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Publication numberUS20090056904 A1
Publication typeApplication
Application numberUS 12/220,954
Publication dateMar 5, 2009
Filing dateJul 29, 2008
Priority dateAug 29, 2007
Also published asCA2695840A1, CA2695840C, CN101795791A, CN101795791B, EP2188079A1, EP2188079A4, EP2188079B1, US7882887, WO2009026671A1
Publication number12220954, 220954, US 2009/0056904 A1, US 2009/056904 A1, US 20090056904 A1, US 20090056904A1, US 2009056904 A1, US 2009056904A1, US-A1-20090056904, US-A1-2009056904, US2009/0056904A1, US2009/056904A1, US20090056904 A1, US20090056904A1, US2009056904 A1, US2009056904A1
InventorsRobert Bruce Wagstaff, Todd F. Bischoff
Original AssigneeRobert Bruce Wagstaff, Bischoff Todd F
Export CitationBiBTeX, EndNote, RefMan
External Links: USPTO, USPTO Assignment, Espacenet
Sequential casting of metals having the same or similar co-efficients of contraction
US 20090056904 A1
Abstract
A method and apparatus is disclosed for casting metals in a DC mold to form an ingot or product having at least two layers formed by sequential solidification. The apparatus has at least one cooled divider wall at the entry end portion of the mold to divide the entry end portion into at least two feed chambers. Metal is fed to the chambers to form an inner layer and at least one outer layer. The divider wall has a metal-contacting surface for contacting the metal for the at least one outer layer, the surface being arranged at an angle sloping away from the metal for the outer layer in a downward direction. The angle is larger at the center of the divider wall compared to the angle adjacent to each longitudinal end thereof. The apparatus is suitable for co-casting metals having similar coefficients of contraction to minimize problems of adhesion between the layers of a resulting ingot or rolled products produced therefrom.
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Claims(14)
1. Apparatus for casting a composite metal ingot, comprising:
an open-ended generally rectangular mold cavity having an entry end portion, a discharge end opening, and a movable bottom block adapted to fit within the discharge end and to move axially of the mold during casting;
at least one cooled divider wall at the entry end portion of the mold to divide the entry end portion into at least two feed chambers; and
a feeder for feeding metal for an inner layer to one of said at least two feed chambers and at least one additional feeder for feeding metal for at least one outer layer to at least one other of said feed chambers;
wherein said at least one divider wall has a metal-contacting surface in use contacting said metal of said at least one outer layer, said surface being arranged at an angle sloping away from said metal of said outer layer in a direction of metal flow through said mold, said angle being larger at a center of said at least one divider wall than at positions adjacent to longitudinal ends of said at least one divider wall.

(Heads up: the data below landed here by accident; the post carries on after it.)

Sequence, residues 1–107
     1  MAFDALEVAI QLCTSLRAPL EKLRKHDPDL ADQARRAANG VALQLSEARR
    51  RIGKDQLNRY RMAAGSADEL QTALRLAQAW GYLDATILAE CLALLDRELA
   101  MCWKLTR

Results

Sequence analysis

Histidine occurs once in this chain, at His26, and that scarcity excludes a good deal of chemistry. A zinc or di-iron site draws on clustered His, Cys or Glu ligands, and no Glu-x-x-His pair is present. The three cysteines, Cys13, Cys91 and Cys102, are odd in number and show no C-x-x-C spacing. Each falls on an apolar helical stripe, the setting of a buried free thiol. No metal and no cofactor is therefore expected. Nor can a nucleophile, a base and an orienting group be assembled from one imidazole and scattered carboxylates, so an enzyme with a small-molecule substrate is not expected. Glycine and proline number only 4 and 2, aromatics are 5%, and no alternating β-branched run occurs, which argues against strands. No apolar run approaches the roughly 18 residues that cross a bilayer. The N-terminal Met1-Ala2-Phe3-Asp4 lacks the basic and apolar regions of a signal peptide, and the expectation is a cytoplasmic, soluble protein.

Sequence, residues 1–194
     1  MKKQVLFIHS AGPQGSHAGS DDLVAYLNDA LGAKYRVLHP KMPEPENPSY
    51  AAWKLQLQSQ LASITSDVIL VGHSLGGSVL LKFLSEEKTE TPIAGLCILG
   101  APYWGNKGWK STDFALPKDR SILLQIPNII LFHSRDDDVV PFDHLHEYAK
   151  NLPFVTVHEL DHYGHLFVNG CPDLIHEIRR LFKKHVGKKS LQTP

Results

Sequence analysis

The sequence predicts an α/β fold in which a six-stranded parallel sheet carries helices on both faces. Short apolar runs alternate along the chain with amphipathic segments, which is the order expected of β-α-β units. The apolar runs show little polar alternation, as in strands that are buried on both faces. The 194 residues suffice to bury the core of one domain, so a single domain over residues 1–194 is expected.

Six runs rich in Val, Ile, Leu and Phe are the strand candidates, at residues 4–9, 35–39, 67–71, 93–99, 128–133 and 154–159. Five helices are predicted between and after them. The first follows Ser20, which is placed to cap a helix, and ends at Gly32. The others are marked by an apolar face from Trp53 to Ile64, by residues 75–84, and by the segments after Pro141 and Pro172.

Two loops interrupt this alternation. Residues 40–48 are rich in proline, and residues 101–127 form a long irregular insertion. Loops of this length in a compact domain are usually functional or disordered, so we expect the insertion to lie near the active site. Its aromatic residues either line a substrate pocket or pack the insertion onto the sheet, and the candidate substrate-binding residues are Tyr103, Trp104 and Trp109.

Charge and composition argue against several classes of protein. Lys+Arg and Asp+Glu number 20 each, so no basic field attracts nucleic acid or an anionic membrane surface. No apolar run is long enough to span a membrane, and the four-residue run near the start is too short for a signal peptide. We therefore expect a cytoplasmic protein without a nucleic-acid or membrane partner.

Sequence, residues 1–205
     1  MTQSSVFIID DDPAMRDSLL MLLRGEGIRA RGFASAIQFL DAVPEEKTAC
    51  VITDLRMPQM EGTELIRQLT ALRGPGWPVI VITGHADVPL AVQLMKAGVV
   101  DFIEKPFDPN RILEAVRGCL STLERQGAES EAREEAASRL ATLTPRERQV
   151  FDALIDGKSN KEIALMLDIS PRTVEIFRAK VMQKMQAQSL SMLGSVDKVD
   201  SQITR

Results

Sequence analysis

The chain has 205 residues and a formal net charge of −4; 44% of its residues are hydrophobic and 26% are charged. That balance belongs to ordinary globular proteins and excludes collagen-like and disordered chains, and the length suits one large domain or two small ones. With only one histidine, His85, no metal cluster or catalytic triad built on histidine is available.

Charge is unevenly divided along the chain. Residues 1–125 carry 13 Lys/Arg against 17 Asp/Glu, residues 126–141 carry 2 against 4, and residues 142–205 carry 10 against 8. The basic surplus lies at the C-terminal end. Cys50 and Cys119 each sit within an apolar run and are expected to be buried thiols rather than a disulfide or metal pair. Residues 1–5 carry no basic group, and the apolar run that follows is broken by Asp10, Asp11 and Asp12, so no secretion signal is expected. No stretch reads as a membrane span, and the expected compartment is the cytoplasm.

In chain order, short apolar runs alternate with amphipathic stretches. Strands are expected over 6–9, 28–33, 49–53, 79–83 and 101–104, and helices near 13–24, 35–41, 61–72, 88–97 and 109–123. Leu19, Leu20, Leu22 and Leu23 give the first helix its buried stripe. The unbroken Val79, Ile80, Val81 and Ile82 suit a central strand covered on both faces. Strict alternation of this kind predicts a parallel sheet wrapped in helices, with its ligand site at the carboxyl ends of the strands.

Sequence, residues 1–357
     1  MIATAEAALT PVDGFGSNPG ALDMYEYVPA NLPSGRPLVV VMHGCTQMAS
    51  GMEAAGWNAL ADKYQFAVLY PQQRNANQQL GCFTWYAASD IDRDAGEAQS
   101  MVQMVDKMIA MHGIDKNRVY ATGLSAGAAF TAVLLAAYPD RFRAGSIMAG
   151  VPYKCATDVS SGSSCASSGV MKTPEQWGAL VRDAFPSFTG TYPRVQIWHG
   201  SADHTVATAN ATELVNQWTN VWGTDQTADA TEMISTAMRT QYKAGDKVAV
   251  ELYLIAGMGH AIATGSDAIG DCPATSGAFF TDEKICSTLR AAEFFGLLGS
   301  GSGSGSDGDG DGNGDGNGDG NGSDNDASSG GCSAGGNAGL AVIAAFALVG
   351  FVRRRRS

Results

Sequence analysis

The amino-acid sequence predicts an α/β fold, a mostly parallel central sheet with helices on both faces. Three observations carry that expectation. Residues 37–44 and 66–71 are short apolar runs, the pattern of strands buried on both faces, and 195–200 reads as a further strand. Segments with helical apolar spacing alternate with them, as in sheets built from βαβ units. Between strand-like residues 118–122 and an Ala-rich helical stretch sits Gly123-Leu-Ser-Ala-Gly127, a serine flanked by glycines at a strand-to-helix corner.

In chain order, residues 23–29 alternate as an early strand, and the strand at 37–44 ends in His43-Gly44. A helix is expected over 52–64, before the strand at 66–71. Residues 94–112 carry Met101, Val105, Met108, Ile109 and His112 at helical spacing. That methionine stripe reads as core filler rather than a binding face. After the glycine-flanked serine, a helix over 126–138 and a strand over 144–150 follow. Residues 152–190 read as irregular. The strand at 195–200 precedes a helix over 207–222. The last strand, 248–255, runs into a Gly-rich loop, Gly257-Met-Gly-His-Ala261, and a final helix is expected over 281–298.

2. The apparatus of claim 1, wherein said at least one additional feeder is positioned to introduce said metal for said outer layer into said mold at a position in said mold closer to said entry end portion of the mold than said feeder for feeding said metal for said inner layer.
3. The apparatus of claim 1, wherein said angle of said surface of said at least one divider wall at said center is at least double said angle at said positions adjacent to said longitudinal ends thereof.
4. The apparatus of claim 1, wherein said angle of said at least one divider wall is at least 3 at said center and no more than 2 at positions adjacent to said longitudinal ends thereof.
5. The apparatus of claim 1, wherein said angle of said at least one divider wall is in a range of 3 to 7 at said center and in a range of 1 to 2 at positions adjacent to said longitudinal ends thereof.
6. The apparatus of claim 1, wherein said at least one divider wall has an elongated central region, and wherein said angle remains constant within said central region and then decreases beyond said central region to said positions adjacent to said longitudinal ends.
7. The apparatus of claim 1, wherein, in use, said inner layer has a molten metal sump having variations in depth from one longitudinal end of said layer to another longitudinal end, and wherein variations of said angle of said surface of said at least one divider wall take place at positions that correspond to significant variations of depth of said sump.
8. The apparatus of claim 1, wherein variations of said angle of said surface of said at least one divider wall take place gradually and linearly between said longitudinal ends thereof.
9. The apparatus of claim 1, wherein variations of said angle of taper of said surface of said at least one divider wall take place at approximately quarter points and three-quarter points along said divider wall.
10. A method of casting a composite ingot, comprising the steps of:
providing an apparatus for casting a composite metal ingot, said apparatus including an open-ended generally rectangular mold cavity having an entry end portion, a discharge end opening, and a movable bottom block adapted to fit within the discharge end and to move axially of the mold during casting, at least one cooled divider wall at the entry end portion of the mold to divide the entry end portion into at least two feed chambers, and a feeder for feeding metal for an inner layer to one of said at least two feed chambers and at least one additional feeder for feeding metal for at least one outer layer to at least one other of said feed chambers, wherein said at least one divider wall has a metal-contacting surface in use contacting said metal of said at least one outer layer, said surface being arranged at an angle sloping away from said metal of said outer layer in a direction of metal flow through said mold, and said angle being larger at a center of said at least one divider wall than at positions adjacent to longitudinal ends of said at least one divider wall;